With Wada, buyers can meet their full organic and conventional potato and onion needs in one stop
Until Wada Farms Marketing Group LLC, a major year-round shipper of potatoes and onions based in Idaho Falls, ID, “decided to get into the organic game” about five years ago, there was really nowhere in the industry that buyers could get everything they were looking for in the potato and onion categories in one place, said Eric Beck, Wada’s director of marketing.
“That was kind of a pain point for a lot of customers,” he said. “They were having to buy organics from different spots around the country, and there was really no consolidation where they could get everything from one grower-shipper location.”
Wada Farms was already a one-stop shop for conventional potatoes and onions, offering a broad assortment of products and varieties in those categories, so the company was well-positioned to address the needs of buyers who wanted to avoid sending trucks chasing around the country after LTL loads of organic products.
“The advantage for us was we had the growing facilities, we had the shipping facilities, and we had the consolidation capacity to really promote that one-stop shop for our customers,” Beck said. “It made it more convenient, because at the end of the day it provided more efficiency on the logistics side,” and it helped them bring costs down.
Initially, “we had just a small window” for organic offerings, he said. But the program has grown every year, and the seasonal availability has extended to where it is now nearly year-round.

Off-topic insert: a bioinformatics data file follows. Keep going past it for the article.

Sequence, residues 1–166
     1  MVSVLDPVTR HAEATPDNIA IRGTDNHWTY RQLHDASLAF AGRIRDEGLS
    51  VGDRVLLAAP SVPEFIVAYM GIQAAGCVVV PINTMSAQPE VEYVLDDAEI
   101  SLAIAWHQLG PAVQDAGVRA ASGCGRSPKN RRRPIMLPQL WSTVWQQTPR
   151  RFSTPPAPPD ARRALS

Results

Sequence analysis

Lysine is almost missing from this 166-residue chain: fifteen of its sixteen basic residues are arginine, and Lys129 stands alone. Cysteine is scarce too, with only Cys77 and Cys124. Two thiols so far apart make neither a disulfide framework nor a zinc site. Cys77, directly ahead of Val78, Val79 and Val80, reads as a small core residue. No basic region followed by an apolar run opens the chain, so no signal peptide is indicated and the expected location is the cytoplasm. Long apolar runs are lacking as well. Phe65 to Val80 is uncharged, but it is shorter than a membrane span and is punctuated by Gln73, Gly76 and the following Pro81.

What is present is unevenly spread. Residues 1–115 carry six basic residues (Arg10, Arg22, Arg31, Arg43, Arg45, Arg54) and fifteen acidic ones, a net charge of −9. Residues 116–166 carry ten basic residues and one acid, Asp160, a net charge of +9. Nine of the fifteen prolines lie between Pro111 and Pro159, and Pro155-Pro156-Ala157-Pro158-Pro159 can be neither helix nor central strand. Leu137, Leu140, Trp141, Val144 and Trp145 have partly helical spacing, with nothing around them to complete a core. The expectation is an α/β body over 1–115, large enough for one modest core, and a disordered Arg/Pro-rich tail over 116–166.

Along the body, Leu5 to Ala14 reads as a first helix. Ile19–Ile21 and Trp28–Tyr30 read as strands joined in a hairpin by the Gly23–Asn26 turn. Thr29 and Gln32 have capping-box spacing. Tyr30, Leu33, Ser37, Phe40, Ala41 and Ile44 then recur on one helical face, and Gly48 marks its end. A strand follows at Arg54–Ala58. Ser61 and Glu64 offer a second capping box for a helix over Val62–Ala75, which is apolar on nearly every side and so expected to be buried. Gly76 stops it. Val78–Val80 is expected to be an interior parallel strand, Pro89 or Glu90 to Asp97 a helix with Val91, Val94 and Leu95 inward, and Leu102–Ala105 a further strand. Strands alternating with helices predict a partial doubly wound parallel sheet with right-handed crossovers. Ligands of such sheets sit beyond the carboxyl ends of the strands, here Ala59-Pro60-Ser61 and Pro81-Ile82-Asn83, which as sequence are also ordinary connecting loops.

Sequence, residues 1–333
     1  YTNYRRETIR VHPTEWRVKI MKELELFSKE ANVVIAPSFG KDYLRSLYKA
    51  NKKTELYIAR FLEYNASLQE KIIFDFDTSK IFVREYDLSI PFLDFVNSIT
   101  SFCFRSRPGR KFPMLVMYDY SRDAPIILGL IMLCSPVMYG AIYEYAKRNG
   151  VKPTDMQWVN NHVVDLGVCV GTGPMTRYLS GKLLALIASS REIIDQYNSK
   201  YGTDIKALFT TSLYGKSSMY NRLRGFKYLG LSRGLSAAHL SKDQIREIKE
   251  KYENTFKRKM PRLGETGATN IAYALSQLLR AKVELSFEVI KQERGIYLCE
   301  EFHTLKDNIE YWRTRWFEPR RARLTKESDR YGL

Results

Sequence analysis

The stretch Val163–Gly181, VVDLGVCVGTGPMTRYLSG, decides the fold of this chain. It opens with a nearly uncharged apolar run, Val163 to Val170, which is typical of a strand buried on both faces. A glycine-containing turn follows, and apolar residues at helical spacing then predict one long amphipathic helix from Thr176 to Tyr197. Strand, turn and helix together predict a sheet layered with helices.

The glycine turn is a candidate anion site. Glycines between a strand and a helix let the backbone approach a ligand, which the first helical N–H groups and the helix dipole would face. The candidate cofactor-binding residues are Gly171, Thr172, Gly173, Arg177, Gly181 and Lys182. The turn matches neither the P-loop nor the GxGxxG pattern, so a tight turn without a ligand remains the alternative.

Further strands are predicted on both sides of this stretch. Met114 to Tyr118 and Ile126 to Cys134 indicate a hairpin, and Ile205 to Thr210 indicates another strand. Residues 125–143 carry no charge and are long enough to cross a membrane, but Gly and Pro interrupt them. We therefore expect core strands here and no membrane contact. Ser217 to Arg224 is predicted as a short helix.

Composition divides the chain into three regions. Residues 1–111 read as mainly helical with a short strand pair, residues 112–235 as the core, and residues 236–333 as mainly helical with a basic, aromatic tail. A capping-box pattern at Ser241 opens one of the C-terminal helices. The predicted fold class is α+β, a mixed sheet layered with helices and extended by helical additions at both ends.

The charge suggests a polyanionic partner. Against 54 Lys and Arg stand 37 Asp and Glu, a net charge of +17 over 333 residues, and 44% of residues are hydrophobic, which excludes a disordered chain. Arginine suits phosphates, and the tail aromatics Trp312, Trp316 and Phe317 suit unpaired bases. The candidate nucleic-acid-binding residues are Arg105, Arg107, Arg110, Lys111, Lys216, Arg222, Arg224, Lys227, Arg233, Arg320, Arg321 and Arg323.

In russet and varietal potatoes, Wada Farms has organic product available from late July through the middle of April or early May, and the company continues working to shorten the gap.
In onions, Wada currently has organic available from September until about April.
Wada also offers sweet potatoes in both organic and conventional options. The conventional product is year-round and the organic nearly so, running from October to late August or early September “depending on how well they hold” in any given season, Beck said.
Wada added watermelons to its mix a few years ago and is aggressively expanding that program. They are also diversifying into new product lines such as squash and asparagus. While there are “no firm plans” for adding an organic program in those items in the immediate future, “we’ll look at doing it down the road, I think. Organic is definitely an offering that people are looking for.” Beck said.
Most of Wada’s retail customers carry a mix of both conventional and organic produce in their stores. “With the way the trucking industry is right now,” with tight availability of trucks, a shortage of drivers, and the cost of supply chain logistics on the rise, “there are a lot of logistic problems that one encounters when buying two or three pallets of product here and there,” he said. But “if you can buy all your conventional, all your organic, and get all your potatoes and onions on one truck, it helps eliminate some of those headaches.”
For those customers who have not yet incorporated an organic section into their produce departments, Beck encourages them to consider doing so. “If they don’t have one, it would be good to look into it and see what kind of category management Wada can help them with” so that they can “capitalize on those extra dollars they could be capturing.”